Composers John Powell and Germaine Franco took top honors at Wednesday night’s Screen Music Awards of the American Society of Composers, Authors and Publishers (ASCAP) at the Beverly Hilton Hotel.
Powell, composer of the Oscar-nominated score for “How to Train Your Dragon” and the new “Solo: A Star Wars Story,” received the Henry Mancini Award for his “outstanding achievements and contributions to the world of film and television music.”
Franco, songwriter and arranger of last year’s “Coco” who was also recently named “one of 15 Latinas who are changing the world” by Univision, received the Shirley Walker Award, given to a composer “whose achievements have contributed to the diversity of film and television music.”
Both composers spent more time talking about the composers in whose honor the awards were named, rather than about themselves or their own music. Before the ceremony, Powell told Variety that he met Mancini (legendary composer of “Peter Gunn,” “Moon River” and “The Pink Panther”) when he was a young tape operator at London’s AIR studios in 1986 but was so tongue-tied he could not speak.
Powell’s on-stage acceptance speech was intentionally peppered with salty language, nearly all bleeped by the sound team to the laughter of the composers, songwriters and music executives in the crowd. He took time to thank his many assistants “who have written all the music I couldn’t be bothered to write,” along with composing mentors Patrick Doyle and Hans Zimmer.
And, rather than perform any of his own music with the 30-piece band onstage, Powell chose instead to play three favorite Mancini pieces: the title theme from “A Shot in the Dark,” “Lujon” from “Mr. Lucky” and “Something for Cat” from “Breakfast at Tiffany’s.”
Powell’s award was presented by ASCAP president Paul Williams, “How to Train Your Dragon” director Dean DeBlois, and fellow composer and ASCAP board member Bruce Broughton. Broughton narrated an eight-minute video tribute that included praise from Zimmer, producer Jeffrey Katzenberg and “Bourne Identity” director Doug Liman.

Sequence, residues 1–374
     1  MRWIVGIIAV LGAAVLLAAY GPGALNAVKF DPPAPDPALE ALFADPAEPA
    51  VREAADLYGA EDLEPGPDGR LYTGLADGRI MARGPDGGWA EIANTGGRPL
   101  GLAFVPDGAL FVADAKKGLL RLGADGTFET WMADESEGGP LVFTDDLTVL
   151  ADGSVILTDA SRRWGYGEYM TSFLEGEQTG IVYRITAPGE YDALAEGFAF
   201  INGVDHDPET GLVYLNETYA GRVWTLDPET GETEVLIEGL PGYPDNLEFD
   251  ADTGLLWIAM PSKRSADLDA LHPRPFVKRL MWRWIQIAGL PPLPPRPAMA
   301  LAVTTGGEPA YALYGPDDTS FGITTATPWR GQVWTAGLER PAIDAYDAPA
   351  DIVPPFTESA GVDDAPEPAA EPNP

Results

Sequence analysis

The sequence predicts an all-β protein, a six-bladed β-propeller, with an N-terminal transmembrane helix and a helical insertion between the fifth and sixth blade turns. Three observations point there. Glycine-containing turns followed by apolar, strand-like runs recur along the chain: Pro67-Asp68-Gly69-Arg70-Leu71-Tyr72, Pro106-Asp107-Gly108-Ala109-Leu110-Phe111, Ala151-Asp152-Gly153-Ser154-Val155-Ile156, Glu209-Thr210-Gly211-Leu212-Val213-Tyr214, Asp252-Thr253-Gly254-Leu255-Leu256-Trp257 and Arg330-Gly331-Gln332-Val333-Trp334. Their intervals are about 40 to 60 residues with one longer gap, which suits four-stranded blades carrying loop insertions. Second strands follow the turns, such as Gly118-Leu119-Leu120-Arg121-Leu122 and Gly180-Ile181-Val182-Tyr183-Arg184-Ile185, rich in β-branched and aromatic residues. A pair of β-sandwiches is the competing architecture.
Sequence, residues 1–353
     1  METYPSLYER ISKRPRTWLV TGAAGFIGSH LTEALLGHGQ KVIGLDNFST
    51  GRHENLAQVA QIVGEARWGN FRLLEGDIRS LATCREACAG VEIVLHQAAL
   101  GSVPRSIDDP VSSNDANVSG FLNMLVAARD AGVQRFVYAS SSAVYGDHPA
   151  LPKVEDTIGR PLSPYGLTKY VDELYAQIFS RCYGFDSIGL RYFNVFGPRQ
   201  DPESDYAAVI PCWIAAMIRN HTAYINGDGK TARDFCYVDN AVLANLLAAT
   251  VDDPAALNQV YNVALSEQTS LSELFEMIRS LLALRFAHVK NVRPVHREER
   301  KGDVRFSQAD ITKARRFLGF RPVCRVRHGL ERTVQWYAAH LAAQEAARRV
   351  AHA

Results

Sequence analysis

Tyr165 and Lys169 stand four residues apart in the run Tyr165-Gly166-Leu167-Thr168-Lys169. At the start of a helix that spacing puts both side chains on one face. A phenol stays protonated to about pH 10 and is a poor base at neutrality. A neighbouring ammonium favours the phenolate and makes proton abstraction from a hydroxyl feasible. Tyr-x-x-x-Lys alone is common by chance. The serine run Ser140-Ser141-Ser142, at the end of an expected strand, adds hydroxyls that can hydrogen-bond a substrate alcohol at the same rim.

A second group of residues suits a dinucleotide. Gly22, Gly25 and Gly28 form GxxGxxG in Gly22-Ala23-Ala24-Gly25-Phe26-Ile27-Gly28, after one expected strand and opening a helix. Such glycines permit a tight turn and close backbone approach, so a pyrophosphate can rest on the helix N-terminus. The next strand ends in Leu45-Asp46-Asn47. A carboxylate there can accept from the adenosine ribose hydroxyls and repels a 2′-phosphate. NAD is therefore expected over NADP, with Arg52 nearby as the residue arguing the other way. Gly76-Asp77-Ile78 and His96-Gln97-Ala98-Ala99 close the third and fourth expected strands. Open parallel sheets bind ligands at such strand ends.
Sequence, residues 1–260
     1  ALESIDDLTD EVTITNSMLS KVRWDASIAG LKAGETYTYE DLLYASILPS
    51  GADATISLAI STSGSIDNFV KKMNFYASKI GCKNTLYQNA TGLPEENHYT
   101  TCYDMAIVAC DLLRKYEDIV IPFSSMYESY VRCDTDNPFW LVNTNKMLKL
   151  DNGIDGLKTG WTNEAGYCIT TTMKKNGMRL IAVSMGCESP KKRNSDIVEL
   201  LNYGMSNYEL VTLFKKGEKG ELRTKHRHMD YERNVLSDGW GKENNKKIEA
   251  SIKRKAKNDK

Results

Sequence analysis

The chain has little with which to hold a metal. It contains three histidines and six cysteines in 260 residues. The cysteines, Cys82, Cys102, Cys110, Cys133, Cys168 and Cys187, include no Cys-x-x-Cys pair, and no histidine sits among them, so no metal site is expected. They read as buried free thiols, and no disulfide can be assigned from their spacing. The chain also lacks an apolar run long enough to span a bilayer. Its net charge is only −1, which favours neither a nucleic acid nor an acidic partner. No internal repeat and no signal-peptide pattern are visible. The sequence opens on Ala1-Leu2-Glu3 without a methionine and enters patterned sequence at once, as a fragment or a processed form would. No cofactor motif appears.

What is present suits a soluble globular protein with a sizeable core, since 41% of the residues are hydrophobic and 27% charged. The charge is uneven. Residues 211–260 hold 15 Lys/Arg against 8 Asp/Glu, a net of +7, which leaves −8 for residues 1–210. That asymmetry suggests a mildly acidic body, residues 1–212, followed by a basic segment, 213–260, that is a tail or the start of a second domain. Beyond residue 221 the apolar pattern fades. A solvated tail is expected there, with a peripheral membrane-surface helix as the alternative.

Attendees received a CD of Powell’s latest concert work, a “Prussian Requiem” that examines the causes of the 20th century’s global conflicts. “It’s a story that I find very human, and explains the dangers of humanity and warfare,” Powell told Variety. “At the bottom of every conflict, there’s still a 3-year-old boy stamping his feet.”
Franco told Variety she felt she was “carrying on this incredible legacy that Shirley left us,” referring to the composer of “Memoirs of an Invisible Man,” “Final Destination” and many animated TV shows who also mentored many younger composers in the 1980s and ’90s. “She was a trailblazer. Now we have these support groups – the Alliance of Women Film Composers, Women in Film, Sundance – but she was doing it by herself. She was making a solo flight in a little tiny plane.”
She paid tribute to Powell as her mentor and former employer: “I could never have worked on ‘Coco’ had I not been by his side during [Powell’s work on] ‘Happy Feet,’ ‘Ice Age,’ or ‘How to Train Your Dragon.’ That was my training ground.” Franco is writing the music for Starz’s “Vida” and has recently finished the feature “Tag” and the Universal theme-park ride “Kung Fu Panda: The Emperor’s Quest.”
Her award was presented by “Coco” co-director Adrian Molina and New Line executive vice-president for music Erin Scully. Franco then led the band in a medley of her music from “Coco,” “Vida” and “Tag.”
Two of the four ASCAP Composers’ Choice Award recipients – voted by ASCAP composers and songwriters – were present to accept their honors. Dave Porter (“Better Call Saul,” “The Blacklist,” “Preacher”) was named TV Composer of the Year, while Gordy Haab (“Star Wars Battlefront II”) was named Video Game Composer of the Year.
“Phantom Thread” composer Jonny Greenwood and “Dunkirk” composer Zimmer tied for Film Composer of the Year, although neither attended.
Numerous other awards were presented for most-performed TV themes and underscore, and scores for top box-office films. Dan Romer, honored for “top network TV series,” performed his music from “The Good Doctor,” while Michael Abels was joined by the Selah Gospel Choir performing his choral music from last year’s Oscar-winning film “Get Out.”
An “in memoriam” segment honored violinist Katia Popov, who died just last week after a three-year battle with cancer; and such composers as Luis Bacalov (“Il Postino”), John Morris (“Young Frankenstein”) and Johann Johannsson (“Arrival”).